Pitchfork’s Soundplay Game Jam: Chromatics, DJ set by Oneohtrix Point Never
Wednesday, September 5
Better than: The day before Fashion Week.
When I arrived at the New Museum for Pitchfork’s Soundplay Game Jam, the first person I recognized was Daniel Lopatin. Not as random as the first person I held a conversation with, who was named Viking Swan and seemed to have wandered in from CBGB Festival a few months ago. With those duly noted and my mind wiped clean of expectations (what to expect, after all, from a “game jam”), I moved through a pleasantly packed crowd of B-list would-be models who might have appeared in a GQ spread to accomplish the real goal at my first Chromatics show: play video games.
Video games are a thing again—at least, if you don’t count the many people for whom it has always been a thing—and Pitchfork has fallen headfirst into the market alongside The National, Beck, HEALTH, and other artists featured on its pages with Soundplay, a showcase of games inspired by songs.
I was hoping the stylish crowd of people being interviewed in the corner, led by a long-haired gentleman with a leather bike seat strapped to his white Duluth Pack, included members of the gaming magazine (and Pitchfork partner) Kill Screen. “It’s not anyone famous,” someone informed me. When I asked him and his friend what they thought about the games, they each replied in unison, “It’s pretty cool” and “It’s not that great.” I could see what they meant. After knocking over an explanatory cutout with my free beer and blushing, I settled onto an artfully lacquered stump to play Take A Walk, inspired by Passion Pit’s song of the same name. In the part of the game I played, a cartoon bunny gets broken up with via text message; you make it feel better by dragging shelved candy icons to the center of his bleeding heart. There, they fall somewhat Tetris-like at the bunny’s feet, where they kind of form a rainbow as the animal tells you, “I am 40.2% better!” The cutesy concept went well with the song’s “squeee!” synthesizers, although it didn’t exactly refute the idea that Michael Angelakos sounds like a cartoon character.
About an hour after the event started, the security guard gave the A-OK and people started filing downstairs into the theater, where Chromatics would perform. It was another half hour before they came onstage, but when they did, oh man. Every synth line tingled at the base of my skull while my body reacted by doing a herky-jerk like no one else was doing the same thing. It probably helped that they opened with “Tick of the Clock” and “Lady,” two of their best-known songs; they’ve also appeared in Drive and Ivan Safrin’s Soundplay game Geometry of Love (which, for the record, is way more fun than Passion Pit’s). The potent chemistry between Nat Walker’s cloth-shrouded snares and Johnny Jewel’s heavy keyboard manipulation thrummed through their songs like Ruth Radelet’s lovesickness.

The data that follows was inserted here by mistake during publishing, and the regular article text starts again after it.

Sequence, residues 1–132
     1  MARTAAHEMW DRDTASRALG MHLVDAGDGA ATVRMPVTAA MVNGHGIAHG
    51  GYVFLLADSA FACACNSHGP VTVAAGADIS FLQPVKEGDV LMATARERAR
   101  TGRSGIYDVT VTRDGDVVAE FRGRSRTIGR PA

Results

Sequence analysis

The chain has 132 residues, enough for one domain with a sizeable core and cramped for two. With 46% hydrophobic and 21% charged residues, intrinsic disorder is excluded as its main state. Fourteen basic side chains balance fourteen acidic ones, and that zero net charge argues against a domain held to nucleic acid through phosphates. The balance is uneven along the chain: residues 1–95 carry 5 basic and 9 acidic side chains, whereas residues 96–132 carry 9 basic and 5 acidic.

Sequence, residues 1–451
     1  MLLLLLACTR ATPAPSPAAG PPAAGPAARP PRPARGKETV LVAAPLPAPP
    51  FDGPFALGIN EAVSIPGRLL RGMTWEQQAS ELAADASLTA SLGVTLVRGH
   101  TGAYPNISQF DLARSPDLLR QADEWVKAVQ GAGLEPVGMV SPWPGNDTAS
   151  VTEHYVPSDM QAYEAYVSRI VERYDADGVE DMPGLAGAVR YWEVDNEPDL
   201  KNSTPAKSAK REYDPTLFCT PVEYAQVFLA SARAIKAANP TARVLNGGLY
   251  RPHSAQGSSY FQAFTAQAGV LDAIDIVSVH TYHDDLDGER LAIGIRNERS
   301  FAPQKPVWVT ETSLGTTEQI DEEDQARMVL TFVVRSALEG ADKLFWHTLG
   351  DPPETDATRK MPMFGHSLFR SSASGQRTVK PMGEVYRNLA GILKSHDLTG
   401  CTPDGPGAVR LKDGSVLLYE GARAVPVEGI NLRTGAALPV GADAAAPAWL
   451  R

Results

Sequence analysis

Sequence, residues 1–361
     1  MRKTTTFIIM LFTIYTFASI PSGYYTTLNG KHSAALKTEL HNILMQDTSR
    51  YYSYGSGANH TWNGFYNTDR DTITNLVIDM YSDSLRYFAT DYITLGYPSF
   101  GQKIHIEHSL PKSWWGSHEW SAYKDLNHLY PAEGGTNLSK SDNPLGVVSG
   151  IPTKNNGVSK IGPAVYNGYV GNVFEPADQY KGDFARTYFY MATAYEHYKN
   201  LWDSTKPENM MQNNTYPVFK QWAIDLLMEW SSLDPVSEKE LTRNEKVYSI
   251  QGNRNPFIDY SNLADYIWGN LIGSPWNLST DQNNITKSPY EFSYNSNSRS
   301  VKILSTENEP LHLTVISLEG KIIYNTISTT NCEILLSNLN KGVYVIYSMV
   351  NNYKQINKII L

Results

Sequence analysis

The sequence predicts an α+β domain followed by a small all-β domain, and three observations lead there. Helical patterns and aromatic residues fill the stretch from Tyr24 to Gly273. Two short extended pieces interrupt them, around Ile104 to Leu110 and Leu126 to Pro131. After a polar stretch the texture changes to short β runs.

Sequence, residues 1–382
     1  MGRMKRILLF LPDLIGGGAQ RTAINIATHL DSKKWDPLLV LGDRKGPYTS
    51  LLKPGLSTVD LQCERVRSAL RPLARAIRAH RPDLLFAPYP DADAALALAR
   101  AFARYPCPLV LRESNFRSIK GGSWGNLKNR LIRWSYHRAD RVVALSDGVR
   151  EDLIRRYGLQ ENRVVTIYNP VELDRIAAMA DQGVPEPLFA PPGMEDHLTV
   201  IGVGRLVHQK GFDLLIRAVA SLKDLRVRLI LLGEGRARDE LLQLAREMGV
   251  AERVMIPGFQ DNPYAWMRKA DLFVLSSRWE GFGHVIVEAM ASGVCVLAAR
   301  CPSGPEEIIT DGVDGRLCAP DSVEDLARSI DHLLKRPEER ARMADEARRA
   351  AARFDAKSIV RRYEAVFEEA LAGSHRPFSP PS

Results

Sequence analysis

“This is my lucky day,” Radelet said at one point. “I almost didn’t have this guitar or these keyboards.” Whether she borrowed a guitar or got her own back—I suspect the latter, since it conspicuously matched everything else—the instrument’s metallic inlays cast reflective lights on the wall. All the black and silver and heels clicking over the hardwood got me thinking they had flown in from Italy, but no: It seems that Portland cultivates brooding, ghostly Italo-disco like Forks breeds devastatingly attractive vampires. (See also Blouse.)
Chromatics closed their set with the bleak “Night Drive,” after which the security guard ushered everyone in the theater into an unnecessarily massive green elevator; this opened into a club-like space where Lopatin, Celtics hat intact, had re-emerged as Oneohtrix Point Never behind a computer and in front of old-school graphics. I was on the balcony, reveling in the afterglow from Chromatics’ set while taking in a high-definition view of a wide-awake city ready for a night drive.
Critical bias: I forgot to bring my earplugs, and Oneohtrix Point Never’s lower registers are magnificently punishing to the point of pain, hence me spending his DJ set outside.
Overheard: “I can’t tell if it’s getting darker or not.”—Some guy as they killed the house lights.
Overheard II: “Time to get funky up in this shit.”—Another guy a they killed the house lights.
Random notebook dump: Spin threw a party across the river at Williamsburg’s Wythe Hotel, also with an open bar and a stunning view of the city. They may have had Azealia Banks, but they didn’t have video games.
Tick of the Clock
Kill For Love
In the City
Back From the Grave
These Streets Will Never Look the Same
I Want Your Love
Running Up That Hill
Into the Black